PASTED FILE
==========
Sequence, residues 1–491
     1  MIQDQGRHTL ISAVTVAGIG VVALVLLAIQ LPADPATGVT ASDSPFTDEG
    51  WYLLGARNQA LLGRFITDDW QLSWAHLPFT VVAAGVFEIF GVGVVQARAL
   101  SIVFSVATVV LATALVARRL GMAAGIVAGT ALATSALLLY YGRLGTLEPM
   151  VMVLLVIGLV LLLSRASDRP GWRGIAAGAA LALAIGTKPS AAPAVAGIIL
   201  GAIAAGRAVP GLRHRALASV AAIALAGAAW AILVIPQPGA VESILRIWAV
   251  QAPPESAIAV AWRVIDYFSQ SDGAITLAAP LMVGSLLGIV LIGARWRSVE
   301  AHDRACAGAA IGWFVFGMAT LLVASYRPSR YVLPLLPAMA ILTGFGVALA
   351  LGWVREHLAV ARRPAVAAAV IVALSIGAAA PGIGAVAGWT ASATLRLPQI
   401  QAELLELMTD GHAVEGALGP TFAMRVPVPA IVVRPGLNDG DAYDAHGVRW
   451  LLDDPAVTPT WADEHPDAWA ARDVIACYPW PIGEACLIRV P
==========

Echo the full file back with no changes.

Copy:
Sequence, residues 1–491
     1  MIQDQGRHTL ISAVTVAGIG VVALVLLAIQ LPADPATGVT ASDSPFTDEG
    51  WYLLGARNQA LLGRFITDDW QLSWAHLPFT VVAAGVFEIF GVGVVQARAL
   101  SIVFSVATVV LATALVARRL GMAAGIVAGT ALATSALLLY YGRLGTLEPM
   151  VMVLLVIGLV LLLSRASDRP GWRGIAAGAA LALAIGTKPS AAPAVAGIIL
   201  GAIAAGRAVP GLRHRALASV AAIALAGAAW AILVIPQPGA VESILRIWAV
   251  QAPPESAIAV AWRVIDYFSQ SDGAITLAAP LMVGSLLGIV LIGARWRSVE
   301  AHDRACAGAA IGWFVFGMAT LLVASYRPSR YVLPLLPAMA ILTGFGVALA
   351  LGWVREHLAV ARRPAVAAAV IVALSIGAAA PGIGAVAGWT ASATLRLPQI
   401  QAELLELMTD GHAVEGALGP TFAMRVPVPA IVVRPGLNDG DAYDAHGVRW
   451  LLDDPAVTPT WADEHPDAWA ARDVIACYPW PIGEACLIRV P